I mentioned in the last post that processing involves the creation and updating of cubes with new data and/or recalculating and reorganizing existing data. I related it to maintenance on SQL Server and many of the same factors you consider when you implement maintenance in SQL Server apply to processing in SSAS.

Processing primarily involves the Storage Engine (SE), which you’ll remember is multi-threaded, and can obviously be a resource intensive operation. Since processing may involve new data or recalculation of existing data, cached data will become outdated and will be flushed. This then means that the next time a query runs that requires that data, the SE will have to query the file system to retrieve needed data from the Windows cache or the disk system to replace the flushed data.  This will result in a performance hit to the query on its first run after processing. Querying while processing is occurring on the same cube can lead to blocks. Querying any cube while processing is occurring can lead to general resource contention on the server.

Monitoring Processing


So how can we tell when processing is occurring on the server? While there are many performance metrics that have varying levels of usefulness, I’ll mention a handful for each topic that will give you better insight for that topic. Don’t infer that if I don’t mention it, it’s not useful or vice versa. The point of this series is to give you a better understanding of what’s going on in SSAS and how to make better use of the information tools like SQL Sentry’s PA for SSAS provide.

· Processing: Rows written/sec tells you the rate of rows written during processing.

· Proc Aggregations: Rows created/sec more specifically tells you the rate aggregation rows are created during processing.

· Proc Indexes: Rows/sec tells the rate of rows from MOLAP files used to create indexes.

So, a non-zero value for these counters confirms that processing is taking place. These metrics can also help determine the effectiveness of any processing tuning efforts.  If your tuning efforts are effective, you should see an increase in these values accordingly.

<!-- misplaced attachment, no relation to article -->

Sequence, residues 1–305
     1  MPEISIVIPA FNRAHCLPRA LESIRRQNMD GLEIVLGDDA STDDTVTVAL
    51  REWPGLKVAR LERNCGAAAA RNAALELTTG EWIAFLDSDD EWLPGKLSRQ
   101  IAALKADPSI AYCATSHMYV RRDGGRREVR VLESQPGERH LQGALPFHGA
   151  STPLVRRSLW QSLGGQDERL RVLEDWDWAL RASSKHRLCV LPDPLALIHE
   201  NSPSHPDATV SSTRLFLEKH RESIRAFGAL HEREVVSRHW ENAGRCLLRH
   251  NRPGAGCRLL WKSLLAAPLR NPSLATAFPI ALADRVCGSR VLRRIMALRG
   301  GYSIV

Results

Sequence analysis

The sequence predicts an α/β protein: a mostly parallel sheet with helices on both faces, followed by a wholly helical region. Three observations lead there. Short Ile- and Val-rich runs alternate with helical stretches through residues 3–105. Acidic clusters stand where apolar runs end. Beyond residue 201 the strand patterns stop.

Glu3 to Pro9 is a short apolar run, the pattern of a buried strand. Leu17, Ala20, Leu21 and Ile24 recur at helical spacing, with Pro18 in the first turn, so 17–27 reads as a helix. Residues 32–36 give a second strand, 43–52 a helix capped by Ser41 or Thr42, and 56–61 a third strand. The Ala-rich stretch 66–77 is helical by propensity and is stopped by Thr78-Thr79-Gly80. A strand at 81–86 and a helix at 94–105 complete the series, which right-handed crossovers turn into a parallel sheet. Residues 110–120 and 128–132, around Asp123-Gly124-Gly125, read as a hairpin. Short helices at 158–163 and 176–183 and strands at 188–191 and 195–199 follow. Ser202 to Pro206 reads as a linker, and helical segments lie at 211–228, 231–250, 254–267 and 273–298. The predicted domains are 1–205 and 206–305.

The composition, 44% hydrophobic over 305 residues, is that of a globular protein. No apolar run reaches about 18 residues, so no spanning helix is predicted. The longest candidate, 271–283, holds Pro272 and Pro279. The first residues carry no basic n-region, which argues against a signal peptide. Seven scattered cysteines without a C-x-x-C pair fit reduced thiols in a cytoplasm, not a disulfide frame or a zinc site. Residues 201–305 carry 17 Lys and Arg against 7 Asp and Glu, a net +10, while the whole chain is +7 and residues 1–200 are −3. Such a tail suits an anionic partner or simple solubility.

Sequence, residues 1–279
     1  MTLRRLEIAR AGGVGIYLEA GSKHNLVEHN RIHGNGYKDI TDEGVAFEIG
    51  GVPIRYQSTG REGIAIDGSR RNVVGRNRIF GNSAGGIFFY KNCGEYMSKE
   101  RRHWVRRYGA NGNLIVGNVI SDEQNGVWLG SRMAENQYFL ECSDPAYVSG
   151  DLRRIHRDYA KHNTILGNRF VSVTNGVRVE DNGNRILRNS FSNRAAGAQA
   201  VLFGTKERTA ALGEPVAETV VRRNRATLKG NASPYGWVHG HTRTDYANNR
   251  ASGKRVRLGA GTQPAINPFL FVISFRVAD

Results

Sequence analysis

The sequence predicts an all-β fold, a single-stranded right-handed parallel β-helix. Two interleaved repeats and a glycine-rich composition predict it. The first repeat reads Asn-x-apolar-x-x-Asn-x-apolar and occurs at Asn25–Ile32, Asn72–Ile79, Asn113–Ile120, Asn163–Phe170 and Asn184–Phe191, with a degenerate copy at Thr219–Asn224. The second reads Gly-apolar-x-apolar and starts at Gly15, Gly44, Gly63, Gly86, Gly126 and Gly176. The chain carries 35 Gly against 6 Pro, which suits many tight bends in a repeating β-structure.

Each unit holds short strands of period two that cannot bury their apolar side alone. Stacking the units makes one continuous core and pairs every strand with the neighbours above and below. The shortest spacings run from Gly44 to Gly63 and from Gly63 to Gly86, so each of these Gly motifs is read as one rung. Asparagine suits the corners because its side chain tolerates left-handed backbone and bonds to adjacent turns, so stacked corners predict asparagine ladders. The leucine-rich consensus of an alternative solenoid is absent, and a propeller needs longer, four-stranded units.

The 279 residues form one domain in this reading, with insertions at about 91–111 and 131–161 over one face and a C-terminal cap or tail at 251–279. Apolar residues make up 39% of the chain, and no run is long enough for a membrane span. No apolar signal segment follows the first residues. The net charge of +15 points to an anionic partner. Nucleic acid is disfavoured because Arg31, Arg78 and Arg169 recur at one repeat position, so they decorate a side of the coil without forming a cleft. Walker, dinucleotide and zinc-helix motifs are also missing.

Improving Processing Related Performance

So how do you improve performance related to processing? I mentioned earlier that you can relate SSAS processing with maintenance in SQL Server. Many of the same techniques applied in SQL Server maintenance apply here as well.

· Scheduling – If possible, schedule processing activities during time of least querying activity on the server to avoid blocks and resource contention.

· Processing Type – Use the most appropriate processing commands. Just as there are different types of backup strategies in SQL Server such as Full, Log, Differential, etc. the same applies in SSAS processing. For example, use ProcessData and ProcessIndex where appropriate instead of ProcessFull.

· Partitioning – If you’re working with Enterprise Edition, be sure to take advantage of the ability to break Measure Group data into partitions. Not every partition may need to be processed every time. Partitioning can serve to reduce the overall amount of work that is done. Remember that the SE is multi-threaded, so architect your data to take advantage of parallel processing capabilities.

For more information see the Analysis Services Processing Best Practices article in TechNet.

We’ve really just scratched the surface with the series.  In the next installment I’ll discuss identifying and understanding issues related to unoptimized MDX, and from there we’ll finish with server resource bottlenecks.  Stay tuned!

Tuesday, January 10, 2012

Part 1: An Introduction to SSAS Performance and SQL Sentry Performance Advisor for Analysis Services

Over the past couple years, since SQL Sentry introduced Performance Advisor for Analysis Services, I’ve heard many people say they see SSAS as a “black box” on their servers with no real visibility into troubleshooting performance issues. Performance Advisor (PA) lifts the shroud from Analysis Services, but for some it may not be obvious how to interpret all the information gained from this new visibility.

There are many resources out there that cover OLAP architecture and MDX, but much less in the way of an explanation to all the various metrics that are available and how they correlate with each other. In response, I developed a presentation I’ve given several times now at SQL Saturdays that I believe serves to “bridge the gap” for DBA’s that may be new to SSAS, or possibly even developers who lack a dedicated administrator and need to be able to tell where the bottleneck might be on their SSAS server.  I was also privileged to be invited to an interview on RunAs Radio where I spent some time discussing this with Richard Campbell and Greg Hughes.

Finally I’ve had the time to put much of this same advice down here. This is the first part of a couple posts I’ll dedicate to the topic. Anyone working with SSAS should find this useful, but users of PA for SSAS should find themselves even more proficient in troubleshooting SSAS performance issues. We’ll start with a very basic introduction to the service itself and how a query is handled, and move into specific metrics and identifying bottlenecks shortly.